Employers are increasingly tracking employee work and movements using biometric data such as fingerprints, voiceprints, retinal scans, and facial images. As revealed by the media attention to lawsuits against Facebook, Shutterfly, and other companies regarding their use of facial recognition technology, the public—and lawmakers—are becoming ever-more aware of the risks involved, including the possibility of identity theft.
Many employers are unaware of the laws regulating their collection and use of such data. Those laws are increasingly being used as the basis for class-action lawsuits filed against companies that do not comply with the laws’ strict requirements regarding employee notice, employee consent, and data destruction. In one recent example, United Airlines was sued in a class-action suit alleging that it violated Illinois’ recent biometric data law by maintaining a fingerprint timekeeping system for employees without properly giving notice and obtaining consent.
Texas and Illinois are currently leading the way in regulating employers’ use of biometric data. (It is no coincidence that these are reported to be the two states in which Google has blocked use of its “Arts & Culture” app, which uses facial recognition software to compare users’ images to historical artwork.) Texas’ biometric data law governs the collection, use, and retention of biometric information obtained for a “commercial purpose,” Tex. Bus. & Comm. Code § 503.001 et seq., and some commenters have interpreted this term as applying to biometric data collected by employers. The Texas law does not have a private right of action, but the Attorney General may investigate and impose a penalty of $25,000 for each violation.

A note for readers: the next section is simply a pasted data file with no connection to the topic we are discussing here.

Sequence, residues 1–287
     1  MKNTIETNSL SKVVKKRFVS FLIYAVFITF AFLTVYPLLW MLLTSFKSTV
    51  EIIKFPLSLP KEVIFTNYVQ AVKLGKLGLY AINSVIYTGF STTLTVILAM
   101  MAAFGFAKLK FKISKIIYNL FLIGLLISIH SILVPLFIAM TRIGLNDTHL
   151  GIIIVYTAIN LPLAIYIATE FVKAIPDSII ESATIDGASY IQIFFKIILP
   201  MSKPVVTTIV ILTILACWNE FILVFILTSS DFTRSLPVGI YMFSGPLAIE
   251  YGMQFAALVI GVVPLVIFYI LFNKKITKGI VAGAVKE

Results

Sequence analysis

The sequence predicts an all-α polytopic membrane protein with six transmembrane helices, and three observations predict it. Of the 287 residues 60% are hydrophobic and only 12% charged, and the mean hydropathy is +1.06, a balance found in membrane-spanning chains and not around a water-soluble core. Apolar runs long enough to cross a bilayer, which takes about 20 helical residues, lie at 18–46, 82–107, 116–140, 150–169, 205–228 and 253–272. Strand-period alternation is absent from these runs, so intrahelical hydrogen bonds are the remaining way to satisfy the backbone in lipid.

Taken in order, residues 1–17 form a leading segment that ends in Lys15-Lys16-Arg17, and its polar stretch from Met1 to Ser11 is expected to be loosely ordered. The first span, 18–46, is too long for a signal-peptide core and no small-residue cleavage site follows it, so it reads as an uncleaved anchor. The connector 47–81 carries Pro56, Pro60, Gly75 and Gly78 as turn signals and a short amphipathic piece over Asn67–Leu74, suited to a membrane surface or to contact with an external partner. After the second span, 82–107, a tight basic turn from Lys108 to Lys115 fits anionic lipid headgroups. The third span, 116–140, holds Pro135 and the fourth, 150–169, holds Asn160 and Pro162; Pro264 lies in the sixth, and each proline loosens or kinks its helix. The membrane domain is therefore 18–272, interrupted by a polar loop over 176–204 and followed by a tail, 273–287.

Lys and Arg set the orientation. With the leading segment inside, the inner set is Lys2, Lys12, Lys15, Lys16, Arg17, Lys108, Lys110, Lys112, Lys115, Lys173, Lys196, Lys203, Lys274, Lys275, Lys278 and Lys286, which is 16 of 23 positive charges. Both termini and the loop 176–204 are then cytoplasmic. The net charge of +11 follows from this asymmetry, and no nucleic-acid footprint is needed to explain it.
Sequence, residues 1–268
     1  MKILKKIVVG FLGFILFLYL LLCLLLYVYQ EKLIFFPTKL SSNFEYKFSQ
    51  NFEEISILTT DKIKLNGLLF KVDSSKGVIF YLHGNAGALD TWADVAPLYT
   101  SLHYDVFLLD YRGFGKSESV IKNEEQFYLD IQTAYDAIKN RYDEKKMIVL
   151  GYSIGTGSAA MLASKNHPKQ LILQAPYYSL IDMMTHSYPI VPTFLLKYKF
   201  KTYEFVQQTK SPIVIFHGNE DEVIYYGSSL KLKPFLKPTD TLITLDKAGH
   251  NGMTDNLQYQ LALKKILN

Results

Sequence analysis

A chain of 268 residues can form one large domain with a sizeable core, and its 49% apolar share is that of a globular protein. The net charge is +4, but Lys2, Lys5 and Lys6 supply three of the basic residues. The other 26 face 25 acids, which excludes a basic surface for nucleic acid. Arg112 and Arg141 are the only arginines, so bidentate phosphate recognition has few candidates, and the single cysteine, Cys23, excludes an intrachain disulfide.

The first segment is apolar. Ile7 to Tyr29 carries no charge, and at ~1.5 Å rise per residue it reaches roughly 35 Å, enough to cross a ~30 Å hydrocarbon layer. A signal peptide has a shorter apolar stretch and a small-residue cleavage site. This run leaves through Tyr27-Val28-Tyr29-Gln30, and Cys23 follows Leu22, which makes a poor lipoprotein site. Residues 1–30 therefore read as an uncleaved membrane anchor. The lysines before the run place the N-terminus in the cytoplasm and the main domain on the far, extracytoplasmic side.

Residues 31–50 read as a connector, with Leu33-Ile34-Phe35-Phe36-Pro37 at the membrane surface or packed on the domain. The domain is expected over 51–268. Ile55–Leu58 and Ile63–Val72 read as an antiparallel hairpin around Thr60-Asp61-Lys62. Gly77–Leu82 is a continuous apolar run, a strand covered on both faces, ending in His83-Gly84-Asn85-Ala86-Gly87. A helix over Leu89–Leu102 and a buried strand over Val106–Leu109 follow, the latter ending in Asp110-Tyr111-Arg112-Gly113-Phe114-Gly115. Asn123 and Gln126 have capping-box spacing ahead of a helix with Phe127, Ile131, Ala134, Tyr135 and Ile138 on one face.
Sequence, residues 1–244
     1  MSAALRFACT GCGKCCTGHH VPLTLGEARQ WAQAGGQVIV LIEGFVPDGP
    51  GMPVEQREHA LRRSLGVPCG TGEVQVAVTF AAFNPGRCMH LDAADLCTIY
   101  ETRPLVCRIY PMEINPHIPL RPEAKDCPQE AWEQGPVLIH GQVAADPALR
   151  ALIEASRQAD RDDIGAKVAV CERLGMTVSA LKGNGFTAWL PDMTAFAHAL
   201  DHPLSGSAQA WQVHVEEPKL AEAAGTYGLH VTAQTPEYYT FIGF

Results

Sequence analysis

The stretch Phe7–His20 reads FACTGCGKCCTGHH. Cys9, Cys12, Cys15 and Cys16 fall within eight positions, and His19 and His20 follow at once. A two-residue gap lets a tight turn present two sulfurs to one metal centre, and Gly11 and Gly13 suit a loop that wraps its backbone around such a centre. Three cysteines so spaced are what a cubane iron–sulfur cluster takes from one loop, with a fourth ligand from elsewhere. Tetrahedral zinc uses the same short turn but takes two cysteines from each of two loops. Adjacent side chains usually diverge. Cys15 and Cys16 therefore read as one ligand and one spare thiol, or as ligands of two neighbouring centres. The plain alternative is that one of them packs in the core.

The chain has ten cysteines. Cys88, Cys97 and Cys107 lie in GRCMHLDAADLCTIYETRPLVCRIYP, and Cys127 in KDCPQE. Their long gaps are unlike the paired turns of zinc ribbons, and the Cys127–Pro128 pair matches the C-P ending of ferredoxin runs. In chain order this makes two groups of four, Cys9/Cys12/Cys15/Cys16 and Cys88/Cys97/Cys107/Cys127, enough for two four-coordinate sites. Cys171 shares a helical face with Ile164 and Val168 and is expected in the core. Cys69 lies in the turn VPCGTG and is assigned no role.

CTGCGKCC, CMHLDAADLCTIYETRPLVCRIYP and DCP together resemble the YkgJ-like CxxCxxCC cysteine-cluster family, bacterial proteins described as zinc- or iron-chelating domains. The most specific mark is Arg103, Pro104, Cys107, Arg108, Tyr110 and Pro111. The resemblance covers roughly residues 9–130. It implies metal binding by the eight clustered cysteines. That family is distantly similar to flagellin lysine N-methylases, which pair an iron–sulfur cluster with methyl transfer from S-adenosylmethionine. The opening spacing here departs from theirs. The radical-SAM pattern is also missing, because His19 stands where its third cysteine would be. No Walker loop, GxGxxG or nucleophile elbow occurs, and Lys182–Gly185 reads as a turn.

Illinois’ biometric data law, called the Illinois Biometric Privacy Act, has already resulted in dozens of lawsuits against companies with workers in Illinois, including large employers such as United Airlines and Hyatt. Its penalty of up to $5,000 per “willful” violation of the statute, plus plaintiffs’ attorneys’ fees, can quickly add up when the practice extends to many employees. Of particular concern to employers is that it is currently unclear whether a complaining Illinois employee has to show that her data was actually misused in some way; violation of the strict statutory requirements may be enough.
In addition to running afoul of state biometric data statutes, failure to safeguard biometric data could result in claims of common-law negligence or violation of state data breach notification laws. This possibility exists as to biometric data kept in almost every jurisdiction.
The bottom line
Biometric data systems can be valuable tools for employers. But they also carry risks because of the potential for identity theft. Prudent employers should review their systems to determine whether employees’ biometric data is being used or preserved. If so, employers should understand the patchwork of potentially applicable laws, and develop procedures that provide required notice to employees, arrange for employee consent, safeguard biometric data, and provide for the destruction of biometric data in compliance with the specifics of the applicable laws. Employers should also be prepared to carefully consider any employee requests to be exempted from the collection of biometric data, as such requests could conceivably implicate religious or disability accommodation issues.